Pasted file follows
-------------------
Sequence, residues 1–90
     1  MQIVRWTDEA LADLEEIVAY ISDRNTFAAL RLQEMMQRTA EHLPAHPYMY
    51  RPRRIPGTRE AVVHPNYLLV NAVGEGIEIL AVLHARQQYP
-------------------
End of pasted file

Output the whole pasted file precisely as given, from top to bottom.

Sequence, residues 1–90
     1  MQIVRWTDEA LADLEEIVAY ISDRNTFAAL RLQEMMQRTA EHLPAHPYMY
    51  RPRRIPGTRE AVVHPNYLLV NAVGEGIEIL AVLHARQQYP